Despite pressure on the UN to return senior officials to Iraq, Annan said in a report to the Security Council that the expatriate staff would go to Baghdad on special visits from the Cypriot capital of Nicosia, or from a smaller office in Amman, Jordan.
"I cannot afford to compromise the security of our international and national staff," Annan wrote in the 26-page report, to be released on Wednesday. The UN had withdrawn its foreign staff from Iraq last month following the 19 August bombing of UN headquarters in Baghdad that killed 22 people, including Annan's special representative, Sergio Vieira de Mello.
Annan appointed New Zealander Ross Mountain, a senior humanitarian affairs official, as director of the UN team in Iraq until a replacement for Vieira de Mello is found.
The Secretary General's report to the 15-member Security Council was the first comprehensive analysis of the situation in Iraq since July, and raised as many questions as it answered.
He said he needed to ask himself in the coming months whether any future role allocated to the United Nations was "proportionate to the risks we are being asked to take, whether the political process is fully inclusive and transparent and whether the humanitarian tasks in question are truly life-saving or not."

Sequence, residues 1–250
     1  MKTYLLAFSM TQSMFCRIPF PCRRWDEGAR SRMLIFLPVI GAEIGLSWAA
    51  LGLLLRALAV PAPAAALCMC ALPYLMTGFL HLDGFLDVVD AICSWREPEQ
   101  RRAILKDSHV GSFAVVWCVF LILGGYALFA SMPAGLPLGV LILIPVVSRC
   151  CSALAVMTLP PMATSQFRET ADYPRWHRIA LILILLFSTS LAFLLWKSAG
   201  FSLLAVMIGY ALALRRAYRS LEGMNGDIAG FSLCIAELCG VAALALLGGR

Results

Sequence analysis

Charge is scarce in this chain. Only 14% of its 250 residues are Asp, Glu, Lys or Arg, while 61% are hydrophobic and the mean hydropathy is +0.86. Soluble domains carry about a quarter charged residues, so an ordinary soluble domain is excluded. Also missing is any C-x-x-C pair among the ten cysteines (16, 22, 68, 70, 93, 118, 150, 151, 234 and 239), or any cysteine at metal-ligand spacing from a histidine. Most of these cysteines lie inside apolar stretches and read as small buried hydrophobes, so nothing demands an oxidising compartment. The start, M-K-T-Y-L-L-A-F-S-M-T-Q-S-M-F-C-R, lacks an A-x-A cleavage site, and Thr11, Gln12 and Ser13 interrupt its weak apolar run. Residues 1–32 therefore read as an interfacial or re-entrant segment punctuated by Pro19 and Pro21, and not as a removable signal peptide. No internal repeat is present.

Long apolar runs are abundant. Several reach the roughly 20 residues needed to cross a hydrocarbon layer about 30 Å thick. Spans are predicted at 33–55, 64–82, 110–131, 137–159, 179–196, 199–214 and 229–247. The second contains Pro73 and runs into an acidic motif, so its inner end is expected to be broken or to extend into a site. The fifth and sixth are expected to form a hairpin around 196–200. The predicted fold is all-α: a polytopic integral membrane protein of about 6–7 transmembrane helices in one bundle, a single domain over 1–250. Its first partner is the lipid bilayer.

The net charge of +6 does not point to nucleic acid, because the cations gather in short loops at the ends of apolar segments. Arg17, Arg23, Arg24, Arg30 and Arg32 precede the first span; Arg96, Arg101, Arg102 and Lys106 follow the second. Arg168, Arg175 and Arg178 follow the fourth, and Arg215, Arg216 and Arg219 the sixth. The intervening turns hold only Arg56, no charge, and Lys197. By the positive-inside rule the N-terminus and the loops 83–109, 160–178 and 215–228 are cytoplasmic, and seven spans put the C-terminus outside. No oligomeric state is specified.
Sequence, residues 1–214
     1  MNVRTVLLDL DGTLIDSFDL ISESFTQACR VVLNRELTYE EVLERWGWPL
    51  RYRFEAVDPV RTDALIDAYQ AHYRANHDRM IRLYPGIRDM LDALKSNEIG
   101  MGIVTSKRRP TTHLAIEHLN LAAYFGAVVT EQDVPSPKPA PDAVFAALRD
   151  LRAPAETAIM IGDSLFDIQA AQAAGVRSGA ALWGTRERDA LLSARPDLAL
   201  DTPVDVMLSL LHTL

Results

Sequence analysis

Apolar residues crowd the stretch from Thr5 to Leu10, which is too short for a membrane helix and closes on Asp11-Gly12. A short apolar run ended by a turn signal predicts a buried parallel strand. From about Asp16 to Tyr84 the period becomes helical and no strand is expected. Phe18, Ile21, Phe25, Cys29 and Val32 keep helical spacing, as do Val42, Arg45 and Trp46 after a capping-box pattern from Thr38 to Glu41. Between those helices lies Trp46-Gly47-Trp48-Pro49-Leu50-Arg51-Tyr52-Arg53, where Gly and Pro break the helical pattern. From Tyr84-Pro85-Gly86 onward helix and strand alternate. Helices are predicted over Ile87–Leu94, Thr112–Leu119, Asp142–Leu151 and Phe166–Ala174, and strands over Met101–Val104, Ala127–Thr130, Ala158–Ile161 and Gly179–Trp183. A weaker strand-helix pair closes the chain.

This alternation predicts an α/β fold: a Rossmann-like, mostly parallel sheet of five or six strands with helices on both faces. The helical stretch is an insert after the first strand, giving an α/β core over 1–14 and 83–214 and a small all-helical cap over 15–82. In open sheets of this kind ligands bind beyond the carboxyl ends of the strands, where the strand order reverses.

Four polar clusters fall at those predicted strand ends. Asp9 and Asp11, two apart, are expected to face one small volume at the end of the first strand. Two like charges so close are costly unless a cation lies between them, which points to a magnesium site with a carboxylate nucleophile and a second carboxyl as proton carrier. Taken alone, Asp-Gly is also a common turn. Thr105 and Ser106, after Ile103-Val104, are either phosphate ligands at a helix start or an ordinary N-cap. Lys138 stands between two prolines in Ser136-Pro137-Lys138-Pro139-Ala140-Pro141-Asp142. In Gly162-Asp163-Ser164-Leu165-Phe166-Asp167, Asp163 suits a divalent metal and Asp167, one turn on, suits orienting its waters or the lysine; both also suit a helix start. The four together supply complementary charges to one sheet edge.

A car bomb explosion wrecked the
UN offices in Baghdad last August
At the same time, Annan was aware that the United Nations would be the political face of the international community after the US-led occupiers hand over power to an Iraqi national government as scheduled in July.
He offered the extensive UN experience in organising elections, writing a constitution, setting up human rights bodies and continuing humanitarian aid in Iraq.
But he pointed out that "it would be important to have clarity both as regards what might be expected of us and about respective new possibilities."
During the transition period, he said, it would be helpful if US-led occupation authorities and Iraqi leaders could be specific in how the UN could be helpful.
In the meantime, he said the Cyprus office would be composed of about 40 political, human rights, public information, humanitarian, administrative and security officials.
"Failure to put the rebuilding of Iraq on a solid footing could have devastating consequences for the people of Iraq, the people of the region, and the international order as a whole"
This core team, to be set up next month, could be increased to 60 once a special representative is named.
Annan warned the United States and other military forces in Iraq against injuring defenceless civilians or raiding their homes, thereby encouraging support for insurgents.
He said those jailed - reported to be several thousands - should be protected under Iraqi laws and international conventions on the treatment of civilians under occupation.
"Failure to put the rebuilding of Iraq on a solid footing could have devastating consequences for the people of Iraq, the people of the region, and the international order as a whole," he said.